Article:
Title: Ferredoxins
Literature References: A group of electron transfer factors found in plants and bacteria, which are non-heme iron-sulfur proteins and which play an important role in photosynthesis, nitrogen and carbon dioxide fixation, and respiration. They are generally classified by the presence of either 2 or 4 iron atom clusters and an equivalent amount of inorganic or "acid-labile" sulfide bonded to the peptide chain through 4 cysteine sulfhydryl groups. The two-iron ferredoxins are found primarly in plants and blue-green algae and are sometimes referred to as chloroplast or "plant type" ferredoxins; the four-iron ferredoxins are predominant in bacteria. Mol wts of chloroplast ferredoxins are about 12,000; those of bacterial ferredoxins range from about 6,000 to 24,000. Isoln from Clostridium pasteurianum: L. E. Mortenson et al., Biochem. Biophys. Res. Commun. 7, 448 (1962). Prepn of bacterial ferredoxins: L. E. Mortenson, US 3344130 (1960 to duPont). The amino acid sequence of several bacterial and chloroplast ferredoxins has been elucidated. Amino acid sequence of ferredoxin from Clostridium pasteurianum: Tanaka et al., Biochem. Biophys. Res. Commun. 16, 422 (1964); eidem, Biochemistry 5, 1666 (1966); from spinach: Matsubara, Sasaki, J. Biol. Chem. 243, 1732 (1968). Synthesis of peptide chain of C. pasteurianum ferredoxins: Bayer et al., Tetrahedron 24, 4853 (1968); Trakatellis, Schwartz, Proc. Natl. Acad. Sci. USA 63, 436 (1969). Reviews: Buchanan, Struct. Bonding 1, 109 (1966); Malkin, Rabinowitz, Annu. Rev. Biochem. 36, 113 (1967); Arnon, Naturwissenschaften 56, 295 (1969); Buchanan, Arnon, Adv. Enzymol. 33, 119 (1970); W. Lovenberg, "Ferredoxin and Rubredoxin" in Microbial Iron Metabolism, J. B. Neilands, Ed. (Academic Press, New York, 1974) pp 161-182; D. C. Yoch, R. P. Carithers, Microbiol. Rev. 43, 384-421 (1979).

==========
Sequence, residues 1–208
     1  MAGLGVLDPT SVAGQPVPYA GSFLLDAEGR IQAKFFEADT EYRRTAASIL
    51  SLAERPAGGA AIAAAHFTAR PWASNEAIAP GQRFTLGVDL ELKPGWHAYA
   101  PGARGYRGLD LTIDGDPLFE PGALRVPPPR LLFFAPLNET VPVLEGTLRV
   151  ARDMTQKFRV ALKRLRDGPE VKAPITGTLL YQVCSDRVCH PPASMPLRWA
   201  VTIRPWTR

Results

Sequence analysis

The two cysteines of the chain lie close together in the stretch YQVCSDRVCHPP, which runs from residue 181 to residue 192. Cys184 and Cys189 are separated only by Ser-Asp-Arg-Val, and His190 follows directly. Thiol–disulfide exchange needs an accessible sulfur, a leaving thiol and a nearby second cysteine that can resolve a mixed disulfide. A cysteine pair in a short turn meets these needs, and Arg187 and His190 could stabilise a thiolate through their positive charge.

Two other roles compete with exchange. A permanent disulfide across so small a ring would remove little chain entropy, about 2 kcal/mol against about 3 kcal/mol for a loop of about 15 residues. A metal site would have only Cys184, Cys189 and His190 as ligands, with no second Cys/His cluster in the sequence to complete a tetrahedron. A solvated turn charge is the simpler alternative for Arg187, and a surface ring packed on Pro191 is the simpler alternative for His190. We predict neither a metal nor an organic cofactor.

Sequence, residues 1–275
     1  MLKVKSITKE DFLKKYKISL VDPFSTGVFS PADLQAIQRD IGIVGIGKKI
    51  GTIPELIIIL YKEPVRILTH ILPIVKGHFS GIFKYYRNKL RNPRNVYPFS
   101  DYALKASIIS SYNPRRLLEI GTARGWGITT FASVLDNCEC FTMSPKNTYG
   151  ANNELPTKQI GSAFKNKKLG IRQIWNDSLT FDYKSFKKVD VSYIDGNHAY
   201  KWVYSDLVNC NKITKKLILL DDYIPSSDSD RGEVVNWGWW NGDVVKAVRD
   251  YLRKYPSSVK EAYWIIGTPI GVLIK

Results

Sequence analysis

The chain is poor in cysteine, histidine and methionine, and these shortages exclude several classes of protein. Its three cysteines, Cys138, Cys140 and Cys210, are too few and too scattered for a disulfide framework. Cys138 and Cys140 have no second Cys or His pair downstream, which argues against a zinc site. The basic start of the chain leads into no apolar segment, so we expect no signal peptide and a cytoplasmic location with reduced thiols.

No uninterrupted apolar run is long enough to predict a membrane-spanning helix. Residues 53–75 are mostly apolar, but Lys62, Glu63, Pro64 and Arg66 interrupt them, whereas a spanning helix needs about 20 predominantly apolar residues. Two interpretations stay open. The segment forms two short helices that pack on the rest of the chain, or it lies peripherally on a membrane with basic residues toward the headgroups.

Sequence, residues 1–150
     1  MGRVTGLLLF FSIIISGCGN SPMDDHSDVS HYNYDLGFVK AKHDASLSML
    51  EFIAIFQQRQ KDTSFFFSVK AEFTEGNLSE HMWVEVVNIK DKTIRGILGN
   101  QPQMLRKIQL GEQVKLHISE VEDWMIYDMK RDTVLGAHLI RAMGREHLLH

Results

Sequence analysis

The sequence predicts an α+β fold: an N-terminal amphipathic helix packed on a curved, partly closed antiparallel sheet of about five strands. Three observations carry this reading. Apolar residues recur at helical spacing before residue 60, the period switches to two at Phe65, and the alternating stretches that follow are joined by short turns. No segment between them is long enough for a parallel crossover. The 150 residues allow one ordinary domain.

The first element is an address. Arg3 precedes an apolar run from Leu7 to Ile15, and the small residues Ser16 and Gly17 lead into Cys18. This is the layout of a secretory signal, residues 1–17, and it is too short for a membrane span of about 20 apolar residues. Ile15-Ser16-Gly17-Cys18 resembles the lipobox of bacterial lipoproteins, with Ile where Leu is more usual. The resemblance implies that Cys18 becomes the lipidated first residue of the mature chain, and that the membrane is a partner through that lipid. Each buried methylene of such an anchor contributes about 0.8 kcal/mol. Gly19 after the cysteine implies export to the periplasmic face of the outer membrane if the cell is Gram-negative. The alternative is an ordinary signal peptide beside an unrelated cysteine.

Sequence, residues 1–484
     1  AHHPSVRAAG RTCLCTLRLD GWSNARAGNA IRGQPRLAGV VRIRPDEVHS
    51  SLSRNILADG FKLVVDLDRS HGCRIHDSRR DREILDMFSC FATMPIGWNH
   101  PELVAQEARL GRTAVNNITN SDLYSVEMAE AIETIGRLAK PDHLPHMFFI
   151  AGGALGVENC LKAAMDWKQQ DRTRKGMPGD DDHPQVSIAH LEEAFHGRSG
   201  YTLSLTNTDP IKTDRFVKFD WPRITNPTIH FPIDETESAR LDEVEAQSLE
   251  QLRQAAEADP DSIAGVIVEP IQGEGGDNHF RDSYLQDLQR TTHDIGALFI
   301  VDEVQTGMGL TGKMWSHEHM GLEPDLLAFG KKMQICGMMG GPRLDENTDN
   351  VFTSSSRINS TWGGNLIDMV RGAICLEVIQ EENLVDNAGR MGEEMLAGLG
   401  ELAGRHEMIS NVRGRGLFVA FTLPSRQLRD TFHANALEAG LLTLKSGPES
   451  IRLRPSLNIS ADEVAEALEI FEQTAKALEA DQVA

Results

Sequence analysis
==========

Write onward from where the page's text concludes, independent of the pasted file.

Properties: Absorption max of bacterial ferredoxins: 280, 385-400 nm; of plant ferredoxins: 280, 325, 420, 463 nm. All show negative oxidation-reduction potentials near that of the hydrogen electrode: -0.390 V (C. pasteurianum); -0.420 V (spinach): Tagawa, Arnon, Biochim. Biophys. Acta 153, 602 (1968). Autoxidizable. Acidification, as well as treatment with iron-chelating agents or mercurials, results in evolution of H2S and loss of the visible absorption.
Absorption maximum: Absorption max of bacterial ferredoxins: 280, 385-400 nm; of plant ferredoxins: 280, 325, 420, 463 nm

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